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US money trends / leading indicator signalling growth rebound

Posted on Tuesday, June 7, 2016 at 10:58AM by Registered CommenterSimon Ward | Comments2 Comments

Previous posts (e.g. here) suggested that US GDP growth would remain sub-par in the second quarter while labour market data would soften in lagged response to earlier economic weakness, keeping the Federal Reserve on hold until September, at least. The weak May employment report released on Friday is consistent with this scenario.

While the small May payrolls rise partly reflected a strike at Verizon, other labour market indicators give little cause to expect an early significant rebound. Online help-wanted advertisements continued to decline in May, according to the Conference Board – see first chart. Temporary help jobs usually lead overall employment and fell in May – second chart.

Importantly, however, reduced hiring has yet to be accompanied by a pick-up in firing. Job cut announcements fell back sharply in May, according to Challenger, Gray and Christmas, while initial claims for unemployment insurance remain low – third chart. This reduces the risk of labour market weakness feeding back into a further economic slowdown.

The view here remains that the winter 2015 / spring 2016 “soft patch” is coming to an end and GDP growth will rebound significantly during the second half, with labour market conditions following with a lag. This rests primarily on a pick-up in real (i.e. inflation-adjusted) narrow money* since late 2015. Six-month growth of real narrow money reached a 14-month high in April and is estimated to have remained at this level last month, based on weekly data through 23 May. It has consistently led GDP growth turning points in recent years – fourth chart.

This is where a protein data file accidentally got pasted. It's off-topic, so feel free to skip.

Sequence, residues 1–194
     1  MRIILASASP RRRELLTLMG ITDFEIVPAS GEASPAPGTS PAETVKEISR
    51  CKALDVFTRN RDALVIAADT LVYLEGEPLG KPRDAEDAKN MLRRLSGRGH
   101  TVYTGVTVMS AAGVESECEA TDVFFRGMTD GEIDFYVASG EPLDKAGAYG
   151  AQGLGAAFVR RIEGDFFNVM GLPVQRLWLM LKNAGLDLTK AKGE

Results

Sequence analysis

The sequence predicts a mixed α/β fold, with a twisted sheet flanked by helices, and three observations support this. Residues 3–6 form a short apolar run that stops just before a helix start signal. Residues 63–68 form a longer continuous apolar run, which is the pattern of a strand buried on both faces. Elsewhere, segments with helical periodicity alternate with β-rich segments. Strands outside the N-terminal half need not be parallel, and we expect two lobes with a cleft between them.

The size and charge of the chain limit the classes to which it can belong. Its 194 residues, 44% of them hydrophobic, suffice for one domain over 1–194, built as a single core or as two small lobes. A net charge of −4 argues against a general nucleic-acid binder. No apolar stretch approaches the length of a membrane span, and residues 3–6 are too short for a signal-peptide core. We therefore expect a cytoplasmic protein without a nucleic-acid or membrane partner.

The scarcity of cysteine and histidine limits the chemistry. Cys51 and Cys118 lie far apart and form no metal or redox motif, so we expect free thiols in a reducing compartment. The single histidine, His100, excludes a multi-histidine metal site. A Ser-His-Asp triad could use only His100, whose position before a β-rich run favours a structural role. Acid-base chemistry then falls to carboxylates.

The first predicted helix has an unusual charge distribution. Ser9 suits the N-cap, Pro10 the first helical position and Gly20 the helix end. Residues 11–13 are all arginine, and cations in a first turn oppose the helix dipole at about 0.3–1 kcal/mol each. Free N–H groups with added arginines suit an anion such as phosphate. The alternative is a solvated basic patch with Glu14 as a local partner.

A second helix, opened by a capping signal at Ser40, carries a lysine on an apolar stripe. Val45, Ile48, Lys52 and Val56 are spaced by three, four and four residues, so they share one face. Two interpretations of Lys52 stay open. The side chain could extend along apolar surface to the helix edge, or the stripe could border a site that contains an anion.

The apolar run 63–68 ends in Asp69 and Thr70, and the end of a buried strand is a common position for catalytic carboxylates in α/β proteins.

The positive monetary signal is receiving confirmation from the OECD’s composite leading indicator. Six-month and one-month changes in the indicator strengthened further in April, according to calculations here – fifth chart. The components of the indicator are: housing permits, new orders for durable goods, consumer sentiment, manufacturing weekly hours, the ISM manufacturing purchasing managers’ index (PMI), share prices and the spread between long- and short-term government bond yields. The recent upturn reflects recoveries in new orders, the PMI, weekly hours and share prices.

*M1A deflated by consumer prices. M1A = currency plus demand deposits.

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Reader Comments (2)

Mr. Ward,

Where would credit losses (e.g., bad loans; written-off debt) show up (make impact) in your chart of U.S. GDP vs. Real Narrow Money?

I'm asking based upon the premise of a reversal in the credit-cycle (e.g., tightening credit availability; over-extended credit leading to credit losses a.k.a. money destruction).

Thank you.

June 9, 2016 | Unregistered CommenterPWC, Raleigh

Loan provisions / write-offs do not have a direct impact on the money supply. They reduce banks’ capital rather than deposit liabilities.

Reduced capital may constrain future lending, thereby slowing broad money growth.

Narrow money is demand-determined and partly reflects spending intentions. A downturn in the credit cycle would be expected to be associated with reduced spending intentions and a slowdown in narrow money.

June 14, 2016 | Registered CommenterSimon Ward

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